Colin McRae Rally fans were up in arms when Codemasters overhauled the series into the more accessible (aka US-friendly) DiRT, a few years ago. Some shunned it forever, others approached it with caution, but after three games, it’s hard for even the strongest critics to deny that Codies have succeeded in turning Dirt into a true, all-encompassing, off-road racing franchise that has something for everyone. Dirt 3 only handbrake turns around the haters and drives that point home further.
Ken Block turns Battersea Power Station into a gymkhana playground
If you’ve played Dirt 2, you know most of what to expect from its successor. It’s a wholesome off-road racing game that features an array of race and time trial event modes, tight and responsive controls, and stylish, crisp presentation. The impressive controls and presentation are pretty much a given in every Codemasters-developed racing game, but even there, Dirt 3 sees significant improvements over its predecessor. The game employs the EGO 2 engine this time, and its effects can be seen in the sharper graphics, impressive weather and lighting effects, lush trackside foliage, and phenomenal draw distances.
On the gameplay front, while track deformation is still missing, there’s now a telling difference in handling as you move between track surfaces. This means you’ll experience a sudden and noticeable increase in grip as you move from dirt to asphalt. As always, you’ll be able to adjust your car setup before every race or rally stage, and while it isn’t as deep as what you find in an out-and-out simulation, there’s enough to zero in on the setup you’re looking for. You can also independently adjust the AI difficulty, rather than having it tied to the level of driving assists you have enabled. There wasn’t much wrong with Dirt 2’s twitchy, hyper-responsive controls, and while this game doesn’t mess too much with that system, a few tweaks and the improved track feedback significantly enhance the immersion factor. And even if it’s not your cup of tea, you absolutely must try at least a few races in the cockpit camera view. It is out of this world!
As cool as the caravan first-person menu in Dirt 2 looked, let’s face it, it made navigation a slow and tedious affair. So it’s a welcome change to see Dirt 3 adopt a more conventional menu structure. In signature Codies style, the menus are slick and efficient. The career this time is broken up into four seasons, each with several tournaments comprising multiple events. It’s lengthy, and there’s a rich variety of events across many different locations. So one thing you don’t have to worry about in Dirt 3 is monotony. The race modes from Dirt 2 are available here, but a lot of publicity this time as gone behind the Gymkhana mode. This is essentially what you would see if they had cars at the X Games. Open spaces are littered with barriers to run donuts around, trucks are parked to drift under, and foam is stacked for you to crash through. The aim here is to chain stylish manoeuvres and rack up high scores. Gymkhana adds further variety to an already diverse game, but it didn’t do much for me, and I’d much rather stick to the traditional events.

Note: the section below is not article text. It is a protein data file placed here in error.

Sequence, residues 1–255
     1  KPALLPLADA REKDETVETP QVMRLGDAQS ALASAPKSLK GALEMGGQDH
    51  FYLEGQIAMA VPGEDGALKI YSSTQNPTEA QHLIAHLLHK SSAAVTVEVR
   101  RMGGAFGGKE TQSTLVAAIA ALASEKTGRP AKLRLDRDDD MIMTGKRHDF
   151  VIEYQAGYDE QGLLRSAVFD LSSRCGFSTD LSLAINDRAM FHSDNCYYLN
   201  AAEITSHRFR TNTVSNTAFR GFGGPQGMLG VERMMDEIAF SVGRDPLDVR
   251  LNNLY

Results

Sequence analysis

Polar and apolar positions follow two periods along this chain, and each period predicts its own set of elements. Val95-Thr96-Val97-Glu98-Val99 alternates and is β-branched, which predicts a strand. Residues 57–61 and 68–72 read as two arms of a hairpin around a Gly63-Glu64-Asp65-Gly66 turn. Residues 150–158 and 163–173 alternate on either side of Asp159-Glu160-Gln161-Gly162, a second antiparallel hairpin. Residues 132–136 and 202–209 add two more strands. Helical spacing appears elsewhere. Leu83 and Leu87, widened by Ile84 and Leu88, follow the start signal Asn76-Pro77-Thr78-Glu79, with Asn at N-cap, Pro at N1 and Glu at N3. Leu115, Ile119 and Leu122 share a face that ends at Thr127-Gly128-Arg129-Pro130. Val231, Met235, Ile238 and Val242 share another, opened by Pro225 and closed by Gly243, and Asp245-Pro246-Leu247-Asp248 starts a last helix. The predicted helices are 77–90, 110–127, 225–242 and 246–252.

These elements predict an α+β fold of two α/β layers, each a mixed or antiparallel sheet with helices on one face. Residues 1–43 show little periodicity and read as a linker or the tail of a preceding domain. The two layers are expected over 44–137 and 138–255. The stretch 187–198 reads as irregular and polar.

That brings us to rally, which by popular demand, has received a lot more attention in Dirt 3. Besides the multi-stage structure, the game also includes iconic rally vehicles from over the last 50 years. The rally events are the most technical of the lot, and feature lots of tight courses with challenging layouts, making you rely heavily on your co-driver’s instructions. If rally is technical, the other timed event type – trailblazer, is all about speed. The tracks in these events feature long straights but throw in a few hazards to keep you on your toes. The race events are fun, and the scoring-based modes are a nice distraction, but rally and trailblazer is where Dirt 3 truly shines.
Get down and Dirty
One thing that might disappoint players is the lack of importance given to the cars in Dirt 3. The only purpose of earning XP in the game is to unlock more events. Vehicles are randomly unlocked as you go on, and the game rewards you for using the most recently unlocked cars, making the older ones pretty much useless. You don’t buy cars, and you don’t decide which ones or in which order they get unlocked. For a game that aims to cover every aspect of off-road motorsport, Dirt 3 doesn’t devote enough attention to the most important aspect of all.
The biggest surprise for me in Dirt 3 came on the multiplayer side of things. It’s great to see the game introduce a split-screen mode, and there’s LAN support too, but things get really crazy once you hop online. While all the offline game modes are playable online, the most fun are the party modes that borrow from other genres. One such mode is Outbreak, where a zombie vehicle must chase down others and infect them in a game of cat and mouse. My personal favourite is Transporter, a capture the flag variation where a randomly spawning flag must be collected and taken to a designated location, while every other player tries to stop you. The traditional and party events, plus a hardcore mode that strips away the HUS and all assists, make Dirt 3’s multiplayer not only expansive, but also accessible, with the various modes catering to all skill levels.
It really shouldn’t surprise anyone anymore when Codemasters puts out a great racing game, and that’s what Dirt 3 is – great. Whether you like your racing games pure and technical or unconventional and flashy, they’re both here. And the best part is that one never gets in the way of the other.
Dirt 3 is available across platforms like Xbox 360 (Rs 2,499), PS3 (Rs 2,499), PC (Rs 699).
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Oct 20, 2016
Oct 20, 2016